David Cameron’s solution to the housing crisis: only affordable to those who earn more than £50,000

Charity Shelter says that the scheme will only work for those who are well off and not planning to start a family

Only those earning more than £50,000 a year will be able to afford to buy one of David Cameron’s 200,000 new “starter homes”, according to housing charity Shelter, with the figure rising to £77,000 in London. 

“Our research has proven that the government’s plans only work if you’re well off, and don’t plan on starting a family.”

 

The charity calculated that the new scheme to increase lower-cost home ownership, which the Prime Minister will put at the heart of his first Conservative party conference speech as a majority leader, will be unaffordable for average income households in six out of ten English council areas. 

Cameron's housing plan

For those who will be on the new living wage of £9 an hour in 2020, the homes will only be affordable in just 2 per cent of councils.

The research undermines Mr Cameron’s pledge to help young people by turning "generation rent to generation buy". 

Cameron-first-time.jpg
141,000 homes were built across the UK last year, around half the number that experts say is needed to prevent house prices spiralling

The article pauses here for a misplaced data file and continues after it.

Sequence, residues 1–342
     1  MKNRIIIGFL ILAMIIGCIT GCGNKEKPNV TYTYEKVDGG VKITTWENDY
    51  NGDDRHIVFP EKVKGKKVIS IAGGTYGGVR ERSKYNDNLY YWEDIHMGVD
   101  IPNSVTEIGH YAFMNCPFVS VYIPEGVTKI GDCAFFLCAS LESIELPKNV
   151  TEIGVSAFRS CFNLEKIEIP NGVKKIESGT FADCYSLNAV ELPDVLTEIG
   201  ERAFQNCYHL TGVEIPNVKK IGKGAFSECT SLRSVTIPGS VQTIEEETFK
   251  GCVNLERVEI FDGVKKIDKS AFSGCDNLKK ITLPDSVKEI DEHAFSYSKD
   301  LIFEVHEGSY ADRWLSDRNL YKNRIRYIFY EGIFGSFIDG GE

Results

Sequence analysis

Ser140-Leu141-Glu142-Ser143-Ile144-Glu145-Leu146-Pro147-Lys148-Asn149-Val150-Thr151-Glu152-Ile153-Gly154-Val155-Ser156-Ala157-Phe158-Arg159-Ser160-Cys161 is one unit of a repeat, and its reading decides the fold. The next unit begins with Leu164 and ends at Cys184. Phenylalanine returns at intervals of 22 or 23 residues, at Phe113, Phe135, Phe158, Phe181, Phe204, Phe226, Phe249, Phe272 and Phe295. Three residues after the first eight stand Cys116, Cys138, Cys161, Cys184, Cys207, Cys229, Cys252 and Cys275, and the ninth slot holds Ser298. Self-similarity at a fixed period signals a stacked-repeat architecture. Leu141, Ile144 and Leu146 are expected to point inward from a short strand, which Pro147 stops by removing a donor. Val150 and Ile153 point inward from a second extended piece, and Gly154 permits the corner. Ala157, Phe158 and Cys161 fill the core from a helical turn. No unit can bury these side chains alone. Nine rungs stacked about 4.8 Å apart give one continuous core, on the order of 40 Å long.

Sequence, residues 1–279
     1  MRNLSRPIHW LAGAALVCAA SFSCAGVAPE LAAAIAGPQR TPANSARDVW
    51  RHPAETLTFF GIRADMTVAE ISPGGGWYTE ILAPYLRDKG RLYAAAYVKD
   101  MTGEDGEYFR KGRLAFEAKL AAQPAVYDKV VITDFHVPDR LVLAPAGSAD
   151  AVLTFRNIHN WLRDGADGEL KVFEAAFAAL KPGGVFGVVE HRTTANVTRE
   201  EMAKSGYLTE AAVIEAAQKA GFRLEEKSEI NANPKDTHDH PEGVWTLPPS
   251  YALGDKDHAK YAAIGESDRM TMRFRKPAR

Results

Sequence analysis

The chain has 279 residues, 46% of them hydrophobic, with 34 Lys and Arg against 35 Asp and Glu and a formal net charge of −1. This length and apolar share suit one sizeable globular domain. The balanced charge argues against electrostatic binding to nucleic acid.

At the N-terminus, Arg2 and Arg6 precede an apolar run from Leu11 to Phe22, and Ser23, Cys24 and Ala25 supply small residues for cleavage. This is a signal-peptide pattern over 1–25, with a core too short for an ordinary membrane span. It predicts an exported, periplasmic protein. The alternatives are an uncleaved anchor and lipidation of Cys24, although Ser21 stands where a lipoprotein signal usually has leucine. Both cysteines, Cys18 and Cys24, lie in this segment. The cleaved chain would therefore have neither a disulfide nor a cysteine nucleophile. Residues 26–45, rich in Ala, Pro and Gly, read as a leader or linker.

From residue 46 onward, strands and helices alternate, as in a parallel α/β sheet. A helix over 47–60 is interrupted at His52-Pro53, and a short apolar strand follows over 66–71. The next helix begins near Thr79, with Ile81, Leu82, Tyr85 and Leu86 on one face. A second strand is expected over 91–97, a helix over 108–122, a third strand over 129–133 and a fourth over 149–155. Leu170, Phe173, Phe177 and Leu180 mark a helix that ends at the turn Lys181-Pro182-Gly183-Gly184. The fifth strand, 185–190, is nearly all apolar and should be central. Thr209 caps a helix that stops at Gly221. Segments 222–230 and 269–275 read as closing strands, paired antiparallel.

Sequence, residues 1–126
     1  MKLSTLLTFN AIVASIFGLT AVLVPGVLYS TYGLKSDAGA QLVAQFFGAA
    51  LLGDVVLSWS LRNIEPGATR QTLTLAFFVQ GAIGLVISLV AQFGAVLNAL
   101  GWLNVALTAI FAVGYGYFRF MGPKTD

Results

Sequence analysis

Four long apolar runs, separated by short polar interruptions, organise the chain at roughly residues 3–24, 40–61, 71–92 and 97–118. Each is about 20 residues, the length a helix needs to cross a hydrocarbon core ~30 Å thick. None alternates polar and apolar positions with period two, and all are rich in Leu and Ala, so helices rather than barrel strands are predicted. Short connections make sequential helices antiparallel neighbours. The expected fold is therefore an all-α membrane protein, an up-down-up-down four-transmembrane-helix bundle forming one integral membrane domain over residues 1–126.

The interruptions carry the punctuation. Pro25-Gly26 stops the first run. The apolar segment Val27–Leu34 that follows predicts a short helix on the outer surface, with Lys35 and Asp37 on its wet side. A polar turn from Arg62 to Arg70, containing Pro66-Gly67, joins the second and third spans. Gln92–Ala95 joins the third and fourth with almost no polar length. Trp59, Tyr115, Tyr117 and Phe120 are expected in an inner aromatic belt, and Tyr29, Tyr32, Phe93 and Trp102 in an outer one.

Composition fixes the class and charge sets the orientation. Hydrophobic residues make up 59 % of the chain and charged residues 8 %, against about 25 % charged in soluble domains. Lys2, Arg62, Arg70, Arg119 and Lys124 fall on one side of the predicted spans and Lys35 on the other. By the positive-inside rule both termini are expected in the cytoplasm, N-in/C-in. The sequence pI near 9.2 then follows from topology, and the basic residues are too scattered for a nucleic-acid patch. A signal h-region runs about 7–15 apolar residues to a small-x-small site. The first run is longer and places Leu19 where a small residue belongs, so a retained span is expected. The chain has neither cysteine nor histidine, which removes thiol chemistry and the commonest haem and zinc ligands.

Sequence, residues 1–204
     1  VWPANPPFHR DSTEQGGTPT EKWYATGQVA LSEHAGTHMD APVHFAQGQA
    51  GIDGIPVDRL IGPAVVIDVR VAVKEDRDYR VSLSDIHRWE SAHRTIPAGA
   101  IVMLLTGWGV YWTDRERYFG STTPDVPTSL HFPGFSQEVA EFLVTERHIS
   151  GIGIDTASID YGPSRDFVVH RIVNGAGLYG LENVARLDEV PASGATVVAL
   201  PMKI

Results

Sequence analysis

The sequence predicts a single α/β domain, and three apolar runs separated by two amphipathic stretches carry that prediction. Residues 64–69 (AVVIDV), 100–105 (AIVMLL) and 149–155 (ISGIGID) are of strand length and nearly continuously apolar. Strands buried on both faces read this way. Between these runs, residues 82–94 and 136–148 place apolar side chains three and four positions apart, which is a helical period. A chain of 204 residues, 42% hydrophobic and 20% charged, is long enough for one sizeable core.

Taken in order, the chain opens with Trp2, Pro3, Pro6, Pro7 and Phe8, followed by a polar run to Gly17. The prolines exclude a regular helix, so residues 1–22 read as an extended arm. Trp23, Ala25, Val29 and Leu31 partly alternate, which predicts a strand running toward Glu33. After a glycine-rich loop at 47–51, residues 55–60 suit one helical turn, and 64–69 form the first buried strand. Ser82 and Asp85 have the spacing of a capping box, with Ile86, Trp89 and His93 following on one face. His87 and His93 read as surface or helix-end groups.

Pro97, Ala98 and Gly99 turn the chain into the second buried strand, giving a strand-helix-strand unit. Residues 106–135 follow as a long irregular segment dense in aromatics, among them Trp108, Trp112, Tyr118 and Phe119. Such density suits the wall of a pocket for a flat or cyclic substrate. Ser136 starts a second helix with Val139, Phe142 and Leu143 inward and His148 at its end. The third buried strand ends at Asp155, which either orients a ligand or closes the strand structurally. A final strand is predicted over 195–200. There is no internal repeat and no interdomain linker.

Last year Mr Cameron pledged to build 100,000 a year and doubled it to 200,000 a year by 2020 in the Tory election manifesto. 

Today he will set out in more detail how the Government will pursue a “national crusade to get homes built” by introducing incentives for developers to build more affordable homes by relaxing planning restrictions. 

However Campbell Robb, chief executive of Shelter, said the new scheme would only benefit those already able to buy a home.  

"You don't solve an affordability crisis by getting rid of the few affordable homes we're building, yet that's exactly what this policy will do.

“Today's announcement confirms our fears that Starter Homes costing up to £450k will be built at the expense of the genuinely affordable homes this country desperately needs. Our research has shown that these Starter Homes will too often only be 'affordable' for higher earners, not the millions of people working hard for an average wage who will be left stuck in expensive private renting.

“There's nothing wrong with helping people on to the property ladder, but the government has to invest in genuinely affordable homes to buy and rent for all of those on ordinary incomes who are bearing the brunt of this crisis."

Last year, 141,000 homes were built across the UK – just over half the number that experts say is needed to prevent house prices continuing to spiral.

In his speech, Mr Cameron will announce the first steps towards increasing housing supply by allowing developers to build affordable homes to sell – as well as to rent – under their planning obligations.

Currently, developers are required to set aside a certain proportion of their site to be used for affordable rental properties – or pay councils to waive their obligation. 

In future, they will be able to sell these homes at a 20 per cent discount on other properties in the same site. The Government will impose a cap of £450,000 in London and £250,000 elsewhere on the amount that developers can charge for these homes.

David Cameron's most awkward interviews

Comments